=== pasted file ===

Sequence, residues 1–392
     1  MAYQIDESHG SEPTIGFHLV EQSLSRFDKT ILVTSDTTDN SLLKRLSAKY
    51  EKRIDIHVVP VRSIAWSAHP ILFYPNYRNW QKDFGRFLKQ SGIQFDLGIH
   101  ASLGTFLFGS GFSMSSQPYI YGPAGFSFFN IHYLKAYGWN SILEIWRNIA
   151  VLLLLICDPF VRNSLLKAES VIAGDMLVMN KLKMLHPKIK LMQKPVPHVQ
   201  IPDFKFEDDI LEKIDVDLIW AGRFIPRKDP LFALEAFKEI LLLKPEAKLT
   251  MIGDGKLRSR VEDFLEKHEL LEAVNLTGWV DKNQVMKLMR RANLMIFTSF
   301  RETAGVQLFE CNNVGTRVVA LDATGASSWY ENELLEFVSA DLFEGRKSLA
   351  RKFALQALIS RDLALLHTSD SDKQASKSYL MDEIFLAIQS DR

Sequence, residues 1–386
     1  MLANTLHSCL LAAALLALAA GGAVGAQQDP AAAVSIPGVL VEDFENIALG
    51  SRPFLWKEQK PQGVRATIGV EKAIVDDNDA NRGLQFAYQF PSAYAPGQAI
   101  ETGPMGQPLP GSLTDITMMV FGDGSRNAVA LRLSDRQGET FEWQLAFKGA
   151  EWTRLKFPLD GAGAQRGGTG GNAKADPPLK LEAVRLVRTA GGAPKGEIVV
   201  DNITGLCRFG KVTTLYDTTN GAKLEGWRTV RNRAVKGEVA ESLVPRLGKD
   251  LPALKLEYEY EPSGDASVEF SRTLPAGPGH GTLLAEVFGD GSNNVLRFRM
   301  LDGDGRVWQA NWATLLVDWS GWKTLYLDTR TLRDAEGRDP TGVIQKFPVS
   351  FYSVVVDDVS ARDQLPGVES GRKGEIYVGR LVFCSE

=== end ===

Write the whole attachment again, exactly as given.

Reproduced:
Sequence, residues 1–392
     1  MAYQIDESHG SEPTIGFHLV EQSLSRFDKT ILVTSDTTDN SLLKRLSAKY
    51  EKRIDIHVVP VRSIAWSAHP ILFYPNYRNW QKDFGRFLKQ SGIQFDLGIH
   101  ASLGTFLFGS GFSMSSQPYI YGPAGFSFFN IHYLKAYGWN SILEIWRNIA
   151  VLLLLICDPF VRNSLLKAES VIAGDMLVMN KLKMLHPKIK LMQKPVPHVQ
   201  IPDFKFEDDI LEKIDVDLIW AGRFIPRKDP LFALEAFKEI LLLKPEAKLT
   251  MIGDGKLRSR VEDFLEKHEL LEAVNLTGWV DKNQVMKLMR RANLMIFTSF
   301  RETAGVQLFE CNNVGTRVVA LDATGASSWY ENELLEFVSA DLFEGRKSLA
   351  RKFALQALIS RDLALLHTSD SDKQASKSYL MDEIFLAIQS DR

Sequence, residues 1–386
     1  MLANTLHSCL LAAALLALAA GGAVGAQQDP AAAVSIPGVL VEDFENIALG
    51  SRPFLWKEQK PQGVRATIGV EKAIVDDNDA NRGLQFAYQF PSAYAPGQAI
   101  ETGPMGQPLP GSLTDITMMV FGDGSRNAVA LRLSDRQGET FEWQLAFKGA
   151  EWTRLKFPLD GAGAQRGGTG GNAKADPPLK LEAVRLVRTA GGAPKGEIVV
   201  DNITGLCRFG KVTTLYDTTN GAKLEGWRTV RNRAVKGEVA ESLVPRLGKD
   251  LPALKLEYEY EPSGDASVEF SRTLPAGPGH GTLLAEVFGD GSNNVLRFRM
   301  LDGDGRVWQA NWATLLVDWS GWKTLYLDTR TLRDAEGRDP TGVIQKFPVS
   351  FYSVVVDDVS ARDQLPGVES GRKGEIYVGR LVFCSE